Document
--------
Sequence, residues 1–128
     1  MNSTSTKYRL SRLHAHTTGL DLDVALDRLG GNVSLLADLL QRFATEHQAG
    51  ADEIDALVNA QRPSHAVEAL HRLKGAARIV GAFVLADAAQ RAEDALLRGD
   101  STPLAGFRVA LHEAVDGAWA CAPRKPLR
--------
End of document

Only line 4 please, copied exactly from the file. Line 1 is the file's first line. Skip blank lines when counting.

   101  STPLAGFRVA LHEAVDGAWA CAPRKPLR